The police broke open the main door. During the search, the police ruined the whole house. They spilled all the objects from the drawers, the windows were shot up and pulled down, furniture fell with dull thumps. The floor was ransacked and clothes were tom. While pulling a suitcase, they found a zither
Chaos in the attic
Five or six policemen sprang for the attic door where the narrator’s grandfather was sleeping. Chaos came when Grandfather mistook the police as General Meade’s men who were retreating. He managed to grab a gun from the police and shot at them. It led to crack the rafters. Smoke filled the attic.
They all finally got downstairs and locked the door against the grandfather. It was a pity that the police could not get the gun from the old man. With great disappointment, the cops left the home empty handed.
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Forget Halloween, Bring Ghost Stories Back to Christmas
If your idea of festive joy is being haunted by past memories or driven insane by mysterious specters, have we got the tradition for you.
By Isabella Kwai
Reporting from London
At the most wonderful time of the year, there is one tradition that John Maguire remembers fondly: his Liverpudlian grandmother trying to scare the daylights out of him.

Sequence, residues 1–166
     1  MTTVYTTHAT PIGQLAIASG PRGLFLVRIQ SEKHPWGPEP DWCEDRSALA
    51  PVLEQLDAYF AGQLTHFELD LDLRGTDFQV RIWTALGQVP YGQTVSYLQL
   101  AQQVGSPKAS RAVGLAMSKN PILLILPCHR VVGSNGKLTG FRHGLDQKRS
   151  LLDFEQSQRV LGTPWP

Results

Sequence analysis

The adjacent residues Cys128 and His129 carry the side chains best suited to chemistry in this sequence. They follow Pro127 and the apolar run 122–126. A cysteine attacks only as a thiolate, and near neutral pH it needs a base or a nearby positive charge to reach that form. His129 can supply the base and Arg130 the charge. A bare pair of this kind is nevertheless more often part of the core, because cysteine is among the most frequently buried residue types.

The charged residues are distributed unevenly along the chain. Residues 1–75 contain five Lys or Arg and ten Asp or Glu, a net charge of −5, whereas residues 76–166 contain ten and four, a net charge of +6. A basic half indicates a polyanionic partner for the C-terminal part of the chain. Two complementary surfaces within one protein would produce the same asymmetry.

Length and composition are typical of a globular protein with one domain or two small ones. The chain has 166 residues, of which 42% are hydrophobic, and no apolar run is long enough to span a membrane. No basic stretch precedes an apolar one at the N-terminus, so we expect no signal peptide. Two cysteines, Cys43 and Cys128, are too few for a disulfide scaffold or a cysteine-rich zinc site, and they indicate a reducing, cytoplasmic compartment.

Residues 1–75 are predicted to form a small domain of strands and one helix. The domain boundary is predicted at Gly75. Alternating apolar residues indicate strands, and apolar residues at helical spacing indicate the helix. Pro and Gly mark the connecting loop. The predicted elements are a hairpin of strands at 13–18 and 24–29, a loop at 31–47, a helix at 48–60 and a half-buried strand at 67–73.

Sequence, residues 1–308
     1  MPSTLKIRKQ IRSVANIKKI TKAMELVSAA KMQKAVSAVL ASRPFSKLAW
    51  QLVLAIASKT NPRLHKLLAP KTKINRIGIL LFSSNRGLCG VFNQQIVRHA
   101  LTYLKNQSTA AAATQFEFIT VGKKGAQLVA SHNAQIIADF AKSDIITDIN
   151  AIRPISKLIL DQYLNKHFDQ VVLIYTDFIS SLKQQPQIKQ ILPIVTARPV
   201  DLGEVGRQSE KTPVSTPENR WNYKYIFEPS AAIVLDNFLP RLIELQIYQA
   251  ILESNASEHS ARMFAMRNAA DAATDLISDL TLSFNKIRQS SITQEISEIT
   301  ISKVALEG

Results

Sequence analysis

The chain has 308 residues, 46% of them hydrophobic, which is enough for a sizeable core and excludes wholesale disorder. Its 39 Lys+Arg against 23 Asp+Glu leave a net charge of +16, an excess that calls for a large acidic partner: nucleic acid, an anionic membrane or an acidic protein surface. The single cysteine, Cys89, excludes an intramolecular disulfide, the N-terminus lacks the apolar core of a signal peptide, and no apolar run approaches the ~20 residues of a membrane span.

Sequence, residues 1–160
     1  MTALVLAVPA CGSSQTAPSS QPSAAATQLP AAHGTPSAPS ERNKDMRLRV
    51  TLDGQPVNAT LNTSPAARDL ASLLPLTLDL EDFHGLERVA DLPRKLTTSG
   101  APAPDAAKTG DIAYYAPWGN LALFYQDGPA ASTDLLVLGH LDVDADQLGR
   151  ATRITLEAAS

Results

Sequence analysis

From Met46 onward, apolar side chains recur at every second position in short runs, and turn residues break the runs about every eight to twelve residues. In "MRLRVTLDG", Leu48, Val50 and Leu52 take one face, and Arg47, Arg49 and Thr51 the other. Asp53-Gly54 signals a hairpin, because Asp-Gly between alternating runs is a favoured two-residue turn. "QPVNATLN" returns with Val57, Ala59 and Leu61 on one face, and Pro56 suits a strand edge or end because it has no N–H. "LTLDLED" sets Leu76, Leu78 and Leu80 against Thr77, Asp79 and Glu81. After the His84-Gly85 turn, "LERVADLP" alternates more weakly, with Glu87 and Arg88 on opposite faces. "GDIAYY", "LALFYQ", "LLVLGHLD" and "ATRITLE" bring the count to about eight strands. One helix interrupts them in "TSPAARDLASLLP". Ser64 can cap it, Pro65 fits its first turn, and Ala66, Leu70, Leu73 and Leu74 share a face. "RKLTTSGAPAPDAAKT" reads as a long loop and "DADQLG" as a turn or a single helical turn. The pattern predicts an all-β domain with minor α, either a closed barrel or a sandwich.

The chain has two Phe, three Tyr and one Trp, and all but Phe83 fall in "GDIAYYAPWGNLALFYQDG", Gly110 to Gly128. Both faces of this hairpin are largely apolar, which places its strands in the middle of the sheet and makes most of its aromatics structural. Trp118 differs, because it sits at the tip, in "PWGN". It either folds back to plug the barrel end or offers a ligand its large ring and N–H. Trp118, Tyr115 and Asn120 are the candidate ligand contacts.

Without much money for Christmas celebrations, he and his family leaned instead on a centuries-old form of festive entertainment on the cold and dark evenings.
“We’d turn all the lights off, and put the candles on, and she’d tell us a story,” Mr. Maguire said. Not nice stories — ghost tales and other myths. “It used to keep me awake at night.”
Now a grown-up, 46-year-old creative director at Arts Groupie, a group that promotes theater and other arts, he wants more people to have that painful pleasure. This year he revived the tradition , popularized during Victorian times, of sharing ghost stories at Christmas. He and other authors read chilling Victorian tales aloud to a quiet, dim library, lit by (electronic) candles.
“Dickens didn’t have the luxury of television,” he said. He still holds a belief that, at a time when green screens can manifest every potential horror, “nothing is more chilling than your own imagination.”